On 12 April 2021, the Council of Europe’s Group of States against Corruption (GRECO) published the Fourth Evaluation Round second compliance report for Georgia, where it assesses the country’s compliance with the recommendations issued in 2016. The report provides recommendations for corruption prevention in three directions: the Parliament, the Judiciary and the Prosecution Service - 16 recommendations in total. Under the GRECO procedures, the Government of Georgia had to implement the recommendations within the next two years (until 2019). In early 2019, GRECO, in the first Compliance Report, assessed the implementation of the recommendations issued in 2016 and published the document on its official website on July 2. According to the report, out of 16 Recommendations on corruption prevention, Georgia had implemented satisfactorily only five of them, three recommendations had not been implemented and eight recommendations – partly implemented. According to GRECO procedures, the Georgian government should take additional measures within the next 18 months to fully implement the recommendations. IDFI has been highlighting the issues covered by the GRECO recommendations on various platforms for a long time, be it the Interagency Anti-Corruption Council, the Open Government Forum, the Public Administration Reform Council or others. IDFI called on the Georgian authorities to cooperate more actively with civil society and to take all necessary measures to implement the GRECO recommendations.
Progress of implementation of GRECO recommendations has improved only slightly since 2019: six recommendations have been fully implemented and 11 recommendations are partially implemented or unimplemented.
Three of the 11 recommendations to be implemented are with regards the Parliament and required it to ensure the transparency of the legislative process; to adopt a code of ethics for the Member of Parliament and to ensure its enforcement; and to adequately regulate the issue of conflicts of interest. Out of the three recommendations adopted for Parliament, GRECO did not consider any of them fully implemented.
From the other eight recommendations to be implemented, four were related to the prevention of corruption in the judiciary, of which one was unimplemented by 2019 and three were partially implemented. Regarding Judiciary, GRECO recommendations refer to the issues to be dealt with by the Georgian authorities, which IDFI has been talking about for a long time: the obscurity of the judicial promotion process; the need for renewal and adoption of judicial norms on ethics; the need for a clear definition of the grounds of disciplinary liability of judges and elaboration of clear disciplinary procedures; etc.Since 2019, no progress has been made in implementing any of the GRECO recommendations for the prevention of corruption in the judiciary. IDFI will continue to actively monitor judicial reforms in order to ensure the full implementation of GRECO recommendations within the reform.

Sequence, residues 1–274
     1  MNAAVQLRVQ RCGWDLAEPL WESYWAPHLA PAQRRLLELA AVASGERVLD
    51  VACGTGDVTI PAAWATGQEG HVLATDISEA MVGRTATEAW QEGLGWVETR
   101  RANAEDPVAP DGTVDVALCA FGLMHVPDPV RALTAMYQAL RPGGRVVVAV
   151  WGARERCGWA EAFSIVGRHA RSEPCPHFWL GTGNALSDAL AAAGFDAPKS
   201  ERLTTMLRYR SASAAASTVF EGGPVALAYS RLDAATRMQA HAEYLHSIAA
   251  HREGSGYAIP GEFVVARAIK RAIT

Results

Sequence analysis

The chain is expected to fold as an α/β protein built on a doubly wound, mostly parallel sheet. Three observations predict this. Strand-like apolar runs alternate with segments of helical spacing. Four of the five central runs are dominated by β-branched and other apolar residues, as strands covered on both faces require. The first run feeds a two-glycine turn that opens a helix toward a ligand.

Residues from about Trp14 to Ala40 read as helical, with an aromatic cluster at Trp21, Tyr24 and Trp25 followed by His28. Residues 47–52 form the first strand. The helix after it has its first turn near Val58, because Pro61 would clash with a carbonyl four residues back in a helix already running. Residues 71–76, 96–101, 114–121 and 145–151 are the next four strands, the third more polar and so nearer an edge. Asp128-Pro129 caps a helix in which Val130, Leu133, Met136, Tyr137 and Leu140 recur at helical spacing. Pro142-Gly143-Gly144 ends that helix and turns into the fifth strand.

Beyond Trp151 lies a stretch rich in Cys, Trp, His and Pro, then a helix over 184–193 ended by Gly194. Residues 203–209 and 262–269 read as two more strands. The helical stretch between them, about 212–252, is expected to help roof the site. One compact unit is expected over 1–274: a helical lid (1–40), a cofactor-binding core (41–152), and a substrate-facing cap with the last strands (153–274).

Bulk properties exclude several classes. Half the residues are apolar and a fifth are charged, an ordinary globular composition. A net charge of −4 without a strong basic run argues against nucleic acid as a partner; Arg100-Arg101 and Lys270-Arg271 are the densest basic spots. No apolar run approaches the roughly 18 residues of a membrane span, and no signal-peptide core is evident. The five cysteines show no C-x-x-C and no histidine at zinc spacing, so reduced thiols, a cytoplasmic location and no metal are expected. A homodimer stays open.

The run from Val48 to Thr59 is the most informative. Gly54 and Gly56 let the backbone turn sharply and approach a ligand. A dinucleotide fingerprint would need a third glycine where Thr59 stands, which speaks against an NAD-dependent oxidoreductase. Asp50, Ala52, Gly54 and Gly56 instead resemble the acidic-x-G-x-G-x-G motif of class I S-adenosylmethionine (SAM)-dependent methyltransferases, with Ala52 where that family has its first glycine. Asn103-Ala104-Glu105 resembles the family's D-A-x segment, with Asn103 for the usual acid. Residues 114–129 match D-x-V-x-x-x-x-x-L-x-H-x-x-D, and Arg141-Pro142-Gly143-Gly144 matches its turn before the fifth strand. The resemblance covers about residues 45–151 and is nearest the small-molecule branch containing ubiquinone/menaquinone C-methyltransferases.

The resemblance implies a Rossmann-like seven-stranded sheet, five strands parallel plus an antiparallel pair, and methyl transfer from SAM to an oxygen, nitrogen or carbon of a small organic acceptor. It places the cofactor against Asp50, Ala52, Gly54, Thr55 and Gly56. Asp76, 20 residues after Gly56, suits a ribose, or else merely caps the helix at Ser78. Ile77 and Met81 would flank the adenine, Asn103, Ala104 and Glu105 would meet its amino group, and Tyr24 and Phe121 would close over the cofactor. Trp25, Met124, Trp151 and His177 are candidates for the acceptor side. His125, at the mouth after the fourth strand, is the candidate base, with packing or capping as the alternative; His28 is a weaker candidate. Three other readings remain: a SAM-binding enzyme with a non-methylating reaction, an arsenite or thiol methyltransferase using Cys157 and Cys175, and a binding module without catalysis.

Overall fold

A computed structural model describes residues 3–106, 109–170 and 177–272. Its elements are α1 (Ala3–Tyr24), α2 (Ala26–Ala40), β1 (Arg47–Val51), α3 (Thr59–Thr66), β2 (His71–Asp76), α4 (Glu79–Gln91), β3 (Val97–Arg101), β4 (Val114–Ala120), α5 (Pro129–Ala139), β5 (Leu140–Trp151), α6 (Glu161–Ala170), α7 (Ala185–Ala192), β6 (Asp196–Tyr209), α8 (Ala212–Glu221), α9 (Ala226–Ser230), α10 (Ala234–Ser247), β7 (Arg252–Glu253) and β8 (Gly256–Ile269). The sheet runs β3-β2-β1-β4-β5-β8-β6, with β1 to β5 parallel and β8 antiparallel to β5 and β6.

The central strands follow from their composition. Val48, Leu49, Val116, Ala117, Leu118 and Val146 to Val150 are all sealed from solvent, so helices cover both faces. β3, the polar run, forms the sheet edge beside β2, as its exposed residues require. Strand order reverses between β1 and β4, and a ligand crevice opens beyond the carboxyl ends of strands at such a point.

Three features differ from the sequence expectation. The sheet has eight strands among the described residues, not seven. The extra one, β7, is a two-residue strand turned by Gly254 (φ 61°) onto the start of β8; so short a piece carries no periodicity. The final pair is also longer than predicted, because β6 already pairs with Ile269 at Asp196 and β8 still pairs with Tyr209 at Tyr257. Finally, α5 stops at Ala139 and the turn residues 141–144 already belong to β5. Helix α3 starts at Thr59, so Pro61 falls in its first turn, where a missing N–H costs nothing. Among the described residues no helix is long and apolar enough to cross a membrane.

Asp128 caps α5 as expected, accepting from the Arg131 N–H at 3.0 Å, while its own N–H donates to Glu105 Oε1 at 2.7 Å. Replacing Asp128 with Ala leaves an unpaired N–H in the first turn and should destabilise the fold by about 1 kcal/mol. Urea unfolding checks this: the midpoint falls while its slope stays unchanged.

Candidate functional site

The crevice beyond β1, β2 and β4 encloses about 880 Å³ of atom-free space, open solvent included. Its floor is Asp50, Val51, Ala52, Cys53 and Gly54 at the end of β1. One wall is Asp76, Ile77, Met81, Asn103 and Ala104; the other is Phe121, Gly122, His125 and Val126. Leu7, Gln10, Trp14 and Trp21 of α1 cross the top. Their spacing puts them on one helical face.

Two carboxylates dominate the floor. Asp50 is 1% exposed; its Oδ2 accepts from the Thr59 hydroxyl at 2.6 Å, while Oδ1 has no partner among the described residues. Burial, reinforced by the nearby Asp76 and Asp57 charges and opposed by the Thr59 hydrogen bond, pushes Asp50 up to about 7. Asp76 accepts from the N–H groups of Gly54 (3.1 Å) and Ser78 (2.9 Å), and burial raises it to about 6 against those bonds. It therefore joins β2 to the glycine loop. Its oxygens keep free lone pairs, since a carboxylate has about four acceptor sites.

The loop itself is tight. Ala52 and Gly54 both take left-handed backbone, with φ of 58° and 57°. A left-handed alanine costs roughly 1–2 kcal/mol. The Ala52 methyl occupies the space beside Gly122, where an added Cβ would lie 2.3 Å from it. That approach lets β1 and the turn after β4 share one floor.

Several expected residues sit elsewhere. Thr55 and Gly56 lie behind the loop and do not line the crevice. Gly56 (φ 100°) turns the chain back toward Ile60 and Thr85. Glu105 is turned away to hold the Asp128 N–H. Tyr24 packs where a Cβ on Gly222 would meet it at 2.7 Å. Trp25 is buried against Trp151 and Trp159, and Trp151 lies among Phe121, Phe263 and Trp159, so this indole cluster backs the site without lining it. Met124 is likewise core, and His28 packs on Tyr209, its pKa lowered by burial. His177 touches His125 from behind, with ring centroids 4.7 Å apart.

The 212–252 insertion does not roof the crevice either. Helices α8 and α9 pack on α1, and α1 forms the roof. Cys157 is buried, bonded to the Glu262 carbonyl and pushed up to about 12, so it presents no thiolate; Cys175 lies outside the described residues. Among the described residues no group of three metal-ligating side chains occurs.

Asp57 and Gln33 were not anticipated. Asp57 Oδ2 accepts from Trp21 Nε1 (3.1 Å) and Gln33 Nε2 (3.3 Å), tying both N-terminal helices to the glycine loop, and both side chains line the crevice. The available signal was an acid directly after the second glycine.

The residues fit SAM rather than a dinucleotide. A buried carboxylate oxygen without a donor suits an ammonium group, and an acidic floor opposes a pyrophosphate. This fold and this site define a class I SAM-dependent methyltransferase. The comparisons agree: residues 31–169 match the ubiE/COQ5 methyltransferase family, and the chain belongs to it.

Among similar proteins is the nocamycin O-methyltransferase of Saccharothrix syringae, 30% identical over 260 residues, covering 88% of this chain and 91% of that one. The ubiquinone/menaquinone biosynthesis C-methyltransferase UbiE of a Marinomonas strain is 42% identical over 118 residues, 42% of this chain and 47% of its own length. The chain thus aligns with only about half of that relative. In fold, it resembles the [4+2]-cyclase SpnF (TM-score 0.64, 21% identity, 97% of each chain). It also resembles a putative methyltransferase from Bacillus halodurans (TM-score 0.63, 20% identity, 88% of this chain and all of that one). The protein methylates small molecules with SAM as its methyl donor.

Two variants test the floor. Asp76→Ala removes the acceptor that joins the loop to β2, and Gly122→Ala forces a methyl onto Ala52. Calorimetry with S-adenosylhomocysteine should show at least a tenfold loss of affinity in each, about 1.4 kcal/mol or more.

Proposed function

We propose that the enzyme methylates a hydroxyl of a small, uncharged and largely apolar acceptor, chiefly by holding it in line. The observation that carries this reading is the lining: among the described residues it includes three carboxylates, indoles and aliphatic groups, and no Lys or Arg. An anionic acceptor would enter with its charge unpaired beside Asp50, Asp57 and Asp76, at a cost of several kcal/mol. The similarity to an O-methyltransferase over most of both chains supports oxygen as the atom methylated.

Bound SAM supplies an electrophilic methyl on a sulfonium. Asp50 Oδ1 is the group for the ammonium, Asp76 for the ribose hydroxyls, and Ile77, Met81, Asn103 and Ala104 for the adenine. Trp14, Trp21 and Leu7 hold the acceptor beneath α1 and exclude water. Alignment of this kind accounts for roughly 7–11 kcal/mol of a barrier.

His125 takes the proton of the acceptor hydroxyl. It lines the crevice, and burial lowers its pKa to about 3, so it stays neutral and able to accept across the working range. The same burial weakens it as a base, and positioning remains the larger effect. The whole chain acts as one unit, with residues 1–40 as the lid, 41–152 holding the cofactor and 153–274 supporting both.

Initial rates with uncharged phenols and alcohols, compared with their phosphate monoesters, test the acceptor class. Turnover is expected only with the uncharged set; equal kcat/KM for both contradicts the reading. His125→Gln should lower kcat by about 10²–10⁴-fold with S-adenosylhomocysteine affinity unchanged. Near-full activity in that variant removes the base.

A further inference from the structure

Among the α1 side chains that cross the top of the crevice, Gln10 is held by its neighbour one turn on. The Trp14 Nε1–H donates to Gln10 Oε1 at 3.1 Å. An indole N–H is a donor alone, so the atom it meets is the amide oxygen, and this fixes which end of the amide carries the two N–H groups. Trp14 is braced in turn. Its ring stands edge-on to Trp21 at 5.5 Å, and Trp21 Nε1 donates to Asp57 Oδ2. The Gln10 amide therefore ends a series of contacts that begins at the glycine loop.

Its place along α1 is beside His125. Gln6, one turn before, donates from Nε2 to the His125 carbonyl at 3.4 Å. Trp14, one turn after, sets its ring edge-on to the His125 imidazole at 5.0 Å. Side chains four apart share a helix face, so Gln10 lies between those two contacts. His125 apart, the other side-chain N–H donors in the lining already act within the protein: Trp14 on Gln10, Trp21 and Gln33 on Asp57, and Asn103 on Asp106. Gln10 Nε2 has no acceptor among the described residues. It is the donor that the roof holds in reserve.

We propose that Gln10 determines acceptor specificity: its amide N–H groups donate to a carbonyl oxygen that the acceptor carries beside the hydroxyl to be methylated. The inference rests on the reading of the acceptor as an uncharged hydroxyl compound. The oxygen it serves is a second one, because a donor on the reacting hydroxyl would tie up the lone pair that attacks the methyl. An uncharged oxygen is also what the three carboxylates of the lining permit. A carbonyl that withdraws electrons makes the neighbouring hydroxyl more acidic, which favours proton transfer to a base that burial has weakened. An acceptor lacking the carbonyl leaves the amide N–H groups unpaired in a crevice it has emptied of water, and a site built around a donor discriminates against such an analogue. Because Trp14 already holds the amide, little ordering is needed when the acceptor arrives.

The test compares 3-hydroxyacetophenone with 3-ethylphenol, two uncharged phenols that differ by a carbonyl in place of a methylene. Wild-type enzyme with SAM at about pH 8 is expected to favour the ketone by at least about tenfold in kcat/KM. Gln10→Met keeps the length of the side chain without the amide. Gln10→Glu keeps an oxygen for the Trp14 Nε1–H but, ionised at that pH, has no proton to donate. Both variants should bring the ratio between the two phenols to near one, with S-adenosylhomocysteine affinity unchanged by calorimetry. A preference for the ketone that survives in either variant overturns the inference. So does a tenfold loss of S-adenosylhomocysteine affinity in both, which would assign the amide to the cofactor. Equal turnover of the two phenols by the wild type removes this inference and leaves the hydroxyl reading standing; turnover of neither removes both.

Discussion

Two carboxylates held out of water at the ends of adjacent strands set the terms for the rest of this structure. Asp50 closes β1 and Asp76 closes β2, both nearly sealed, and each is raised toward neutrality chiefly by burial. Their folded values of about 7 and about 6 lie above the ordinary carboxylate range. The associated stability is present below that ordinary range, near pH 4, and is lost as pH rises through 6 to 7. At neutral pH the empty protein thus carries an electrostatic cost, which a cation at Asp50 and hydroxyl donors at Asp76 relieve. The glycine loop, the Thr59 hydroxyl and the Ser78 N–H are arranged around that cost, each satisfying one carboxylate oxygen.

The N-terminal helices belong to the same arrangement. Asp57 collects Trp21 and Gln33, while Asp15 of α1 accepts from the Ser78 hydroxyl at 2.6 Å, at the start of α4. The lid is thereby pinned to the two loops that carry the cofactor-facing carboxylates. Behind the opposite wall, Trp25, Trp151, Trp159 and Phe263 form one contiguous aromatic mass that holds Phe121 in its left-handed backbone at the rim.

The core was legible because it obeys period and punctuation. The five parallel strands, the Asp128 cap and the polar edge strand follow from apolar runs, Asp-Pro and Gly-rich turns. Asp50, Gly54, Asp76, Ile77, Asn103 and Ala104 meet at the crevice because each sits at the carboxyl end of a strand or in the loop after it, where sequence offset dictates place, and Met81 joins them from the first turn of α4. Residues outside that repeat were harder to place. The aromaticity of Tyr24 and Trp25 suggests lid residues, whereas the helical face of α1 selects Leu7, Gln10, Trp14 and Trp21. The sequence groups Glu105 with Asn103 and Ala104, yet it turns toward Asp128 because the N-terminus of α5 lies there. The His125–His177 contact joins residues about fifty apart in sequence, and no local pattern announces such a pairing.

The remaining four recommendations to be implemented in the fourth round of the GRECO evaluation were to prevent corruption in the prosecution system. In particular: binding all prosecutors by the requirements of the norms regulating assets declarations; adoption of clear provisions of disciplinary liability and ensuring the proportionality of sanctions; cleat and transparent regulation of appointment and promotion of prosecutors and limit the large discretionary powers given to the General Prosecutor; adoption and implementation of the Code of Ethics of the Prosecution Service. IDFI focused on these issues in the process of monitoring the implementation of the Action Plan of the Prosecutor's Office and has submitted the relevant findings and recommendations to the Prosecutor's Office in the monitoring report. Progress from these GRECO recommendations were made on the appointment and promotion of prosecutors and the implementation of ethical standards in practice and these two recommendations have been considered to be implemented. Of the other two recommendations, the recommendation on disciplinary proceedings is partially implemented, while the recommendation on assets declarations is still unimplemented.
The low progress in implementing the GRECO recommendations clearly indicates a transition to a passive phase in the fight against corruption in the country. Out of 11 recommendations to be implemented for prevention of corruption, the country managed to fully implement only two recommendations within 18 months, while the remaining nine recommendations are still to be implemented. The need to take action against corruption is also evidenced by the fact that in 2020, most of the international rankings indicate a deterioration of the corruption situation in the country, one of the reasons for which is high levels of corruption. At the end of the first quarter of 2021, the Georgian government has not yet adopted a new Anti-Corruption Action Plan for 2021-2022.
IDFI is concerned about the government's inactivity against corruption and calls on the Government of Georgia to ensure in a timely manner:
1. Full implementation of the fourth round of GRECO recommendations for the prevention of corruption;
2. Adoption of an effective and ambitious National Anti-Corruption Action Plan;
3. Implementing special measures against high-level corruption, including in terms of strengthening the whistle-blower mechanism.
This material has been financed by the Swedish International Development Cooperation Agency, Sida. Responsibility for the content rests entirely with the creator. Sida does not necessarily share the expressed views and interpretations.
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